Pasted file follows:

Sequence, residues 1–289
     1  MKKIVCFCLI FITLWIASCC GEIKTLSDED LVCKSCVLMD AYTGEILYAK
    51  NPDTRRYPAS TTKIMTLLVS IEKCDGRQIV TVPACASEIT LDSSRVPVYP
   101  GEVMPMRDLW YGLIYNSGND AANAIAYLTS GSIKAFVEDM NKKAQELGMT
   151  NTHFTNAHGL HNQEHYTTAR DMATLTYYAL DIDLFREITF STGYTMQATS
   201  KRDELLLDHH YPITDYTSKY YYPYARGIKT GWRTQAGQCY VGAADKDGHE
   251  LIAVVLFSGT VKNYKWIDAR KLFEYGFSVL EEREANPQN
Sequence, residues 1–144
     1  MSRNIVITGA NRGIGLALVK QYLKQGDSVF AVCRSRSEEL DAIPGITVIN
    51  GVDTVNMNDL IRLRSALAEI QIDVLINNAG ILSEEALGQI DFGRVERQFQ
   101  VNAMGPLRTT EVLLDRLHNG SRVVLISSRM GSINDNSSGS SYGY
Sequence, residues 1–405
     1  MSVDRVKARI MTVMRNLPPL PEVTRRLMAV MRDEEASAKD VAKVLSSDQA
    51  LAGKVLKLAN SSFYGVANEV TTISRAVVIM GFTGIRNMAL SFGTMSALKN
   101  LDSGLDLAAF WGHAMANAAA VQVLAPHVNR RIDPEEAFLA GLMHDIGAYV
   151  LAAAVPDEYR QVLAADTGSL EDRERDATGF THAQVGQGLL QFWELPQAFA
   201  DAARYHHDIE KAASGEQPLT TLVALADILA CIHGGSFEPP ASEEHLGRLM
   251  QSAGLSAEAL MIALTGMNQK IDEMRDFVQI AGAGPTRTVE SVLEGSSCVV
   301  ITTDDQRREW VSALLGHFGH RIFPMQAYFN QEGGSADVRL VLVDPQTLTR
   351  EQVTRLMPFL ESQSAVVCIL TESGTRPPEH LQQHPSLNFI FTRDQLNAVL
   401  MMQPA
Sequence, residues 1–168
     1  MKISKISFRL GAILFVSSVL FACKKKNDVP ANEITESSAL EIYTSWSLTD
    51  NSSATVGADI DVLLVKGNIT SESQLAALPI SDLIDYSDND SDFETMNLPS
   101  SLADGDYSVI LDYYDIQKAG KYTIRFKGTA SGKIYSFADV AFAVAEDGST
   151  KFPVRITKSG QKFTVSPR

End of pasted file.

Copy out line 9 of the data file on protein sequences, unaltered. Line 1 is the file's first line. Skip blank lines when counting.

     1  MSRNIVITGA NRGIGLALVK QYLKQGDSVF AVCRSRSEEL DAIPGITVIN